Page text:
Night flying helicopters are being used to drop water at night for the first time in Northern California. On August 18 a group of three large helicopters that can carry 1,000 to 3,000 gallons was dispatched to the area from the southern part of the state. Since arriving they have been stymied by visibility problems caused by smoke trapped in inversions, but at least one was flying Sunday night. The video below shows the smallest of the three large ships, a 1,000-gallon Sikorsky S-61, dropping on the Caldor Fire. The other two are 3,000-gallon CH-47D Chinooks.

Due to extreme fire conditions and “strained firefighter resources throughout the country” the US Forest Service has enacted a temporary closure of nine National Forests in California: Tahoe, Plumas, Lassen, Mendocino, Klamath, Six Rivers, Shasta-Trinity, Modoc, and Lake Tahoe Basin Management Unit.

9:05 a.m. PDT August 22, 2021

Caldor Fire map 9:15 p.m. PDT Aug. 21, 2021
Caldor Fire map. The black line was the perimeter during a mapping flight at 9:15 p.m. PDT Aug. 21, 2021. The green line was the perimeter about 24 hours before. The red dots represent heat detected by a satellite at 2:30 a.m. PDT August 22, 2021. The dark red areas had extreme heat during the last mapping flight.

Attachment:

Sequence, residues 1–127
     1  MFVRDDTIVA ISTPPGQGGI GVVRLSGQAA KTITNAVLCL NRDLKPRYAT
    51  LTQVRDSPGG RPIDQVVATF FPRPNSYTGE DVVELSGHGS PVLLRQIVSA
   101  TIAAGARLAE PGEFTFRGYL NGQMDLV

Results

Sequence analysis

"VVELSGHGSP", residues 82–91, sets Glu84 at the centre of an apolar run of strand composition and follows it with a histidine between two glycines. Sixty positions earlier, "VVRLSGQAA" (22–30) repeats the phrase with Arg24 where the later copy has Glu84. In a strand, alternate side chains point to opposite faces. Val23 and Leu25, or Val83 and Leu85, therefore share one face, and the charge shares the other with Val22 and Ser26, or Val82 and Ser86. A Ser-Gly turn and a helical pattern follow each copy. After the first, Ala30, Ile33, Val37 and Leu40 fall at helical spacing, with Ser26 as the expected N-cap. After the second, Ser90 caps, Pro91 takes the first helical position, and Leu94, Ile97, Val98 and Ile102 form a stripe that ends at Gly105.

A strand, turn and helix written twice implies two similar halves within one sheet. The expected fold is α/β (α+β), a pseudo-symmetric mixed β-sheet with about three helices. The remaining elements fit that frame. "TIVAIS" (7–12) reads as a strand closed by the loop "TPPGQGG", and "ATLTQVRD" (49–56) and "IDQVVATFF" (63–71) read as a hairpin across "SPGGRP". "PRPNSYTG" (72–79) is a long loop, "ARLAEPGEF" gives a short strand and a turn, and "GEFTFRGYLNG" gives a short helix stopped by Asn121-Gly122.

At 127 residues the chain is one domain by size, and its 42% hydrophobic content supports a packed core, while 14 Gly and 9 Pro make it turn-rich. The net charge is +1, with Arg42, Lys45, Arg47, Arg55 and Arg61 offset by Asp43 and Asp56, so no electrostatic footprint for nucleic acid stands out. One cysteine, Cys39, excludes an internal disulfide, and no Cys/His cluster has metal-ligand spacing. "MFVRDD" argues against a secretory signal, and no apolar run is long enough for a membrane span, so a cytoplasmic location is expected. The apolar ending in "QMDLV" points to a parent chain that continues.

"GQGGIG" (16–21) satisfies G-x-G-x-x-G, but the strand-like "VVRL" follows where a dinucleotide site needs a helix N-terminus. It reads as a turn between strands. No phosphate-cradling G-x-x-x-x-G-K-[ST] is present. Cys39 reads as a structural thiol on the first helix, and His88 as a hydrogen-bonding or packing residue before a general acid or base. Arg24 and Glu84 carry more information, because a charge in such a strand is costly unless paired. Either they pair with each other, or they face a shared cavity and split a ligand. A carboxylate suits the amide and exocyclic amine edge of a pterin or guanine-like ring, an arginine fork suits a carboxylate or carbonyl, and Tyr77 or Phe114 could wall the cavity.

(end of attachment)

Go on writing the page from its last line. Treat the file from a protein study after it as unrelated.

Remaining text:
The northeast side of the Caldor Fire ran for more than four miles Saturday, growing to 98,000 acres while being pushed by 8 to 10 mph winds out of the southwest gusting to 20 mph. The relative humidity measured at the Barney Ridge weather station south of the fire on Omo Ranch Road never dropped below 30 percent, which likely moderated the spread.

The fire activity slowed Saturday night as the wind decreased but spot fires were still occurring.

The weather forecast for Sunday is for high temperatures in the 70s, relative humidity 25 to 32 percent, and afternoon winds becoming southwest at 5 to 9 mph with 15 mph gusts.

The fire is along Highway 50, 14 miles southwest of Lake Tahoe and 36 miles east of the Sacramento suburbs.